Saturday, May 23, 2009

Hey, Gov. Ventura; is that a 2X or a 3X?

Sometimes this stuff just writes itself.
Raw Story » Ventura: I’ll waterboard Hannity into saying Obama best president ever: "The former Navy SEAL said he’d relish an opportunity to waterboard Hannity, a procedure he endured himself during military training: “I’ll bet him a thousand bucks that I can get him to say ‘Barack Obama is the greatest president’ — if I get him to say it, he’ll give the thousand to charity and if I can’t, I’ll give the money to charity.”"
Actually, that's my problem. When crap like this goes on, and it has to be pointed out and explained and argued about as to whether water boarding is really torture or, Ghu forbid, the even worse, "yeah, so it's torture, but 9/11!"

It makes me wonder aloud what the point is. Those that get it, get it. Those that do not - perhaps it might make more sense to them AFTER the karma train comes rolling through their state of mind.

But then, I realize that it has, several times, and no luck so far.

And then I learn, that as a member of the "media" - peripherally and grudgingly - I'm the problem!

A new report for a leading neoconservative group that pushes a belligerent "Israel first" agenda of conquest in the Middle East suggests that in future wars the U.S. should make censorship of media official policy and advocates "military attacks on the partisan media" (via MuzzleWatch). The report for JINSA, the Jewish Institute for National Security Affairs, was authored by retired U.S. Army Col. Ralph Peters. It appears in JINSA's "flagship publication," The Journal of International Security Affairs. "Today, the United States and its allies will never face a lone enemy on the battlefield. There will always be a hostile third party in the fight," Peters writes, calling the media "the killers without guns."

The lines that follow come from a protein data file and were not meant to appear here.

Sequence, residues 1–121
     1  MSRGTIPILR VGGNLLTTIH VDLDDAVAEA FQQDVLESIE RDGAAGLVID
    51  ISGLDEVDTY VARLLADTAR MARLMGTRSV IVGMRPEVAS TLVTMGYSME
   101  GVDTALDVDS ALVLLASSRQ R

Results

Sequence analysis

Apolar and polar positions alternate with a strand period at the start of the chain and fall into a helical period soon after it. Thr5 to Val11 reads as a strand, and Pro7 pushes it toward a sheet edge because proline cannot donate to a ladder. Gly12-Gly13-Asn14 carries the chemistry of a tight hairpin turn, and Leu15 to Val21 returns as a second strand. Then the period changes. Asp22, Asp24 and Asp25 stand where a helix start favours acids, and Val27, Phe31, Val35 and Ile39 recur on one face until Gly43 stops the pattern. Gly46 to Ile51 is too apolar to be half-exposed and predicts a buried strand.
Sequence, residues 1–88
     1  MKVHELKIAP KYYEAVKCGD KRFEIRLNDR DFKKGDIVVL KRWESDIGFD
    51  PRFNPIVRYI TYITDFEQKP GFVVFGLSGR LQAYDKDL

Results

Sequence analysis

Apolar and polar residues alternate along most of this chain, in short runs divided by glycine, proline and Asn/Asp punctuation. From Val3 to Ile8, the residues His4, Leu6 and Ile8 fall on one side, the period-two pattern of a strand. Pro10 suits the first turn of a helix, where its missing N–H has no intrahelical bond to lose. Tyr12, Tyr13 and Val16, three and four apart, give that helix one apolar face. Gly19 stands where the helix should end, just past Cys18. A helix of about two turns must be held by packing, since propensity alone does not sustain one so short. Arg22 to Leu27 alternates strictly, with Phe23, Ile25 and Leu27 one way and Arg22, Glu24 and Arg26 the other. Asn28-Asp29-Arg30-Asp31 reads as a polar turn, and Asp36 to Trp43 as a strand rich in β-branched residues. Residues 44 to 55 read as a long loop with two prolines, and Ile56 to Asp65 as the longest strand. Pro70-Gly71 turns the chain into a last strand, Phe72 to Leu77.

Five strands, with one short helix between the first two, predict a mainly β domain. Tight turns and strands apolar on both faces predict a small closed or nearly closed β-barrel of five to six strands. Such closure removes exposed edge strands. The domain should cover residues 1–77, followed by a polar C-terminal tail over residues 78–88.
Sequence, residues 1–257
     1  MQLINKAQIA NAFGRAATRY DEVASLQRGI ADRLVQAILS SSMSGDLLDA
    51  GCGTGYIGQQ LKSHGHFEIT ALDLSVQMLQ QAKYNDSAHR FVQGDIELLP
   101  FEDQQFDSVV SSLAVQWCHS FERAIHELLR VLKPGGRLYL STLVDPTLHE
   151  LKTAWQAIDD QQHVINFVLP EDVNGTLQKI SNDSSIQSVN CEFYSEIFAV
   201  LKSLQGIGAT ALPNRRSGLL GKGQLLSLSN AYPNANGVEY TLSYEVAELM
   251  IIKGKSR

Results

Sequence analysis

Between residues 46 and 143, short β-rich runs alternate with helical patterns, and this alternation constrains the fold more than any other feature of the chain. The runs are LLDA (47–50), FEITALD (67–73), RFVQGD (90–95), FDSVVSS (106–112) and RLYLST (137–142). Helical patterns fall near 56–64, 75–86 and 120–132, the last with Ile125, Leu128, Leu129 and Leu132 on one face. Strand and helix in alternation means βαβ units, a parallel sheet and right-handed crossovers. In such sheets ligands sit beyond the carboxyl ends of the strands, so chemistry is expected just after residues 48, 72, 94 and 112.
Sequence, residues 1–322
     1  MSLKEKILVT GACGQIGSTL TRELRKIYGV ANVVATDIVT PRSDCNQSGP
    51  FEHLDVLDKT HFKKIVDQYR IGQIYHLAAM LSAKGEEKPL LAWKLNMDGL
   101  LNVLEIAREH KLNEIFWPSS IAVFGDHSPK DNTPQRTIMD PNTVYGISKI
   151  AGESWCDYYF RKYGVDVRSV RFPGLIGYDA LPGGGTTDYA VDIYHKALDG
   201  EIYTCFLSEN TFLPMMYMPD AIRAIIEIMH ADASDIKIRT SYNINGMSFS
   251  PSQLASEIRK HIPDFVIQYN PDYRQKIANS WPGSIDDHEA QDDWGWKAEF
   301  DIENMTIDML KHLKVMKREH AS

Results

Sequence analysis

"Of course, the media have shaped the outcome of conflicts for centuries, from the European wars of religion through Vietnam. More recently, though, the media have determined the outcomes of conflicts. While journalists and editors ultimately failed to defeat the U.S. government in Iraq, video cameras and biased reporting guaranteed that Hezbollah would survive the 2006 war with Israel and, as of this writing, they appear to have saved Hamas from destruction in Gaza. ...

"Although it seems unthinkable now, future wars may require censorship, news blackouts, and, ultimately, military attacks on the partisan media. Perceiving themselves as superior beings, journalists have positioned themselves as protected-species combatants. But freedom of the press stops when its abuse kills our soldiers and strengthens our enemies. Such a view arouses disdain today, but a media establishment that has forgotten any sense of sober patriotism may find that it has become tomorrow's conventional wisdom.

"The point of all this is simple: Win. In warfare, nothing else matters. If you cannot win clean, win dirty. But win. Our victories are ultimately in humanity's interests, while our failures nourish monsters."

Indeed they do. Monsters just such as this. And the only "humanity" they tolerate is their own kind - and so long as they follow the age-old trade of death, horror, madness, revenge and retribution. Do you wonder what sort of person would consider such "victories" to be in "humanity's interest?"

I don't need to. But see above.

Conservative radio hosts gets waterboarded, lasts 6 seconds